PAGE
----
In 1789 Paris, the citizens are on edge as riots and murders become commonplace.
The Bastille has fallen and the King has no authority in Paris, where the whole system of law is in turmoil when Anne Cartier and her husband Colonel Paul de Saint-Martin, provost of the Royal Highway Patrol, are called upon to investigate what turn out to be several related murders. A baker is lynched by a mob after being accused of dealing in black-market flour. His deaf wife and son need protection, and the Abbé de l’Épée, a well-regarded teacher of the deaf, asks Anne for help. In the meantime, a member of the Highway Patrol is murdered while riding Saint-Martin’s horse outside Paris. Which of the men, the horse’s rider or its owner, was the real target? Investigations indicate that the same person may be behind all this devilment. Anne and Saint-Martin call on friends and colleagues to spy on those they suspect and help gather evidence to prove their case in court. Their everyday lives become more perilous as they work to outwit a dangerous, well-connected foe.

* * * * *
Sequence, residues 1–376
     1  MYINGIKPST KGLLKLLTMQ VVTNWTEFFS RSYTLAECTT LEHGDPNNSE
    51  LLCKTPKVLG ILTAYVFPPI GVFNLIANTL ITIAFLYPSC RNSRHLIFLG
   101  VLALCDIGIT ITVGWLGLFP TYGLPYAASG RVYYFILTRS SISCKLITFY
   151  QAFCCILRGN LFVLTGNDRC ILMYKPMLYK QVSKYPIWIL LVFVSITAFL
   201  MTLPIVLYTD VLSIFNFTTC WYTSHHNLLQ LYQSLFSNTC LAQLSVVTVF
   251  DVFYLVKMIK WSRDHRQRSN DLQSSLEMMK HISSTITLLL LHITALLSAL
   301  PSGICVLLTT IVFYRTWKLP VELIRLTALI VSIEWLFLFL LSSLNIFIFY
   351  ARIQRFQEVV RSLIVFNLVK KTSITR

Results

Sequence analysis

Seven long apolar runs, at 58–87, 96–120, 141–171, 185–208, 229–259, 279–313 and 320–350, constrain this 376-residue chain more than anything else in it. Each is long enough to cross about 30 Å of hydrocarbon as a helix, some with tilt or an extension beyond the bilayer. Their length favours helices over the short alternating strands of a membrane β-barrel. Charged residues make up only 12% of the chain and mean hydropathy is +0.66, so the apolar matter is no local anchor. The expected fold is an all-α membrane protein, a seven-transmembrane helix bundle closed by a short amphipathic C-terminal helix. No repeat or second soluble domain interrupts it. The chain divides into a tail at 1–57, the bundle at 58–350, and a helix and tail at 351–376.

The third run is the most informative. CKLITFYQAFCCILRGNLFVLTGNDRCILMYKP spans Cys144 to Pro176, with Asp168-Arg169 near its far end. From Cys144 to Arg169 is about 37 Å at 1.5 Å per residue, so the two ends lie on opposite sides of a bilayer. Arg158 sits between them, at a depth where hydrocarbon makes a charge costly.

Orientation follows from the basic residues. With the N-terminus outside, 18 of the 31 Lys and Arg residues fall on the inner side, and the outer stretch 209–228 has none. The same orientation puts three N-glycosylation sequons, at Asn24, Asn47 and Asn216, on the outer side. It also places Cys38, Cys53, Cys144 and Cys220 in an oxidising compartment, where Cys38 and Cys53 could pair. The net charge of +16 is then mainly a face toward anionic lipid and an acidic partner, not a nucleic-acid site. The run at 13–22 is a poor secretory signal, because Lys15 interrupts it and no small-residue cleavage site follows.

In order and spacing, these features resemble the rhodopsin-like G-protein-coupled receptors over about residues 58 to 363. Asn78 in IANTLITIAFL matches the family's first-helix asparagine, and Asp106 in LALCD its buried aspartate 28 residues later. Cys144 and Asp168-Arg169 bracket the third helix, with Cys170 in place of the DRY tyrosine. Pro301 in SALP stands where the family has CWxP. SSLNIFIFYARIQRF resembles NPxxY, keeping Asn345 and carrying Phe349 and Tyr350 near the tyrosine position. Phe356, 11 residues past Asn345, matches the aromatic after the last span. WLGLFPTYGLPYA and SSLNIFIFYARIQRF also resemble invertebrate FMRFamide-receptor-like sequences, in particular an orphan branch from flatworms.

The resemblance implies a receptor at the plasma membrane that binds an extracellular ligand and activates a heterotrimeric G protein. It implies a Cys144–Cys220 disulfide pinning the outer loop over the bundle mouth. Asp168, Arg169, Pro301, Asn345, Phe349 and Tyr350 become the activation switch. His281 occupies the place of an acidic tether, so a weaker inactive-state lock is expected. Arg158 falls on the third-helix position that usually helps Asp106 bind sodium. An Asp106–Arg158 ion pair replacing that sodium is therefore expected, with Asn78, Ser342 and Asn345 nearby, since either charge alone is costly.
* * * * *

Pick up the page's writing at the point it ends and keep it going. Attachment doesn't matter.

O’Brien is known for his meticulously researched historical backgrounds (Cruel Choices, 2007, etc.). This time, however, the mystery is overwhelmed by the history.